Monday, September 16, 2013

Q Day 7: Evaluating Presidents?

Dan asks:
When evaluating presidents, what weight do you give to the actual policies they pass or support? Can someone be a "good" president while supporting policies that are morally awful?
It's a hard question to answer. I try to evaluate them based on policy "success" in which success means that it worked...but what works and what doesn't is, admittedly, not always an objective call. I mean, sometimes is it: losing a war is generally objectively less successful than winning a war -- or avoiding a war. And it's at least somewhat possible to objectively characterize winning and losing a war, isn't it? But even there it's dicey (did the US win the Gulf War? Seemed so at the time, but if it set up an unstable situation which made the Iraq War -- and perhaps the September 11 attacks -- more likely, then is that policy success?). And when it gets to domestic policy, it's even more difficult.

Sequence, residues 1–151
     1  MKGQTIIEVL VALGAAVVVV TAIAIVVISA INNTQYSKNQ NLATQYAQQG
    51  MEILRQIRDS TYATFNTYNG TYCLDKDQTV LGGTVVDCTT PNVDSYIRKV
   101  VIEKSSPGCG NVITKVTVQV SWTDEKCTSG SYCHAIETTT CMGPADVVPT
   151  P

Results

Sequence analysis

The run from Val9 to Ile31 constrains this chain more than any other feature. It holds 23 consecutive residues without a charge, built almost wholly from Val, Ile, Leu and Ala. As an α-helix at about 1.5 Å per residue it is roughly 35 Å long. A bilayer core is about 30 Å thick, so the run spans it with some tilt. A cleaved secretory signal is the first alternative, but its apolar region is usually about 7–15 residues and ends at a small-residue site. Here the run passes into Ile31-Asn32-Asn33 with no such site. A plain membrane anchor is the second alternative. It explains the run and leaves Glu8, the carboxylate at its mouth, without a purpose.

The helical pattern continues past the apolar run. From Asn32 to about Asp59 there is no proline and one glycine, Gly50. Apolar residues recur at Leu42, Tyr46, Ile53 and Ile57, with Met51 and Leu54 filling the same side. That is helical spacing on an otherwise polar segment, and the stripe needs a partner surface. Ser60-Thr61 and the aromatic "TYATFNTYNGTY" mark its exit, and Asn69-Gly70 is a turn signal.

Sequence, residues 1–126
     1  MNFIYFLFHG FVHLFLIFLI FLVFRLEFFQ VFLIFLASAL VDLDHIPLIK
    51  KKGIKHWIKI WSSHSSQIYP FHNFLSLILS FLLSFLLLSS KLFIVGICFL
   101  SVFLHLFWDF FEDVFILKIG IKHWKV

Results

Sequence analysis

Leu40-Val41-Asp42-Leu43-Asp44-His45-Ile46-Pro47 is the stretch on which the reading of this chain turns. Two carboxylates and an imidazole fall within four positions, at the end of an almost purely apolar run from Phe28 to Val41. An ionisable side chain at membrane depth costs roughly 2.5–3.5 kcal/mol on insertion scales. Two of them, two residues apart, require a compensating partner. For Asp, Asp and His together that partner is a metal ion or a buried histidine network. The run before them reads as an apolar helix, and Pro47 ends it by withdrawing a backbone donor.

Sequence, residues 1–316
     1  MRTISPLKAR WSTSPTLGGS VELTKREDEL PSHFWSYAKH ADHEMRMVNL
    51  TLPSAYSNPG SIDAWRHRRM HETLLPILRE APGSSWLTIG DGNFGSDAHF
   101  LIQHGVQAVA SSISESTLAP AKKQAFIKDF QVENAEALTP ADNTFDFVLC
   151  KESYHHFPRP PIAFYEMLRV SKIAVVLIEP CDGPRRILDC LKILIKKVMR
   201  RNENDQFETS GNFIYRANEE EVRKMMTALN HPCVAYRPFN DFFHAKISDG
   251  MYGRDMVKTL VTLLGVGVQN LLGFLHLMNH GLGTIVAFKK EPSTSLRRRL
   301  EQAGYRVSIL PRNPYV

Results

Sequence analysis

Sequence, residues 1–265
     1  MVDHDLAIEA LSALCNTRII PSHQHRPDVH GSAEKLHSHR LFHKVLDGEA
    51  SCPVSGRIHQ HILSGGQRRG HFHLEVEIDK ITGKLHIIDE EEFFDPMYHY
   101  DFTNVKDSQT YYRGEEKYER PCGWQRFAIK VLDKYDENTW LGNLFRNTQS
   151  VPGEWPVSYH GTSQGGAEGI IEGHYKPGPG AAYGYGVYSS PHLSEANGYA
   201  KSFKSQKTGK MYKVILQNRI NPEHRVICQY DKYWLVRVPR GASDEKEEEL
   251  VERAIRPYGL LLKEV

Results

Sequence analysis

Nevertheless, that I guess I'd say is that I look at process, and at policy success; if a policy is enacted, accepted, and generally considered successful, then it counts as policy success. I try, in this, not to impose my policy preferences, but the obvious critique that any observer is going to impose his or her own policy preferences on what counts as success is a perfectly fair one. The only question is: is there anything better?

Meanwhile, longwalkdownlyndale asks:
Who do you think are the most overrated and underrated presidents, other than Wilson and Carter who you've written about a bunch in the past. 
I've written on this in the past...The overrated president recently has been JFK, who does well in scholar surveys and very well in popular polling. I think TR is a bit overrated. Wilson, obviously. I think on balance Nixon is overrated...there's a school of thought that he was good on policy even while being a crook, but that tends to overlook both Congress's responsibility for much of what gets credited to him...and Vietnam. Reagan is overrated these days; he has a fair chance to catch JFK for most overrated, I suppose.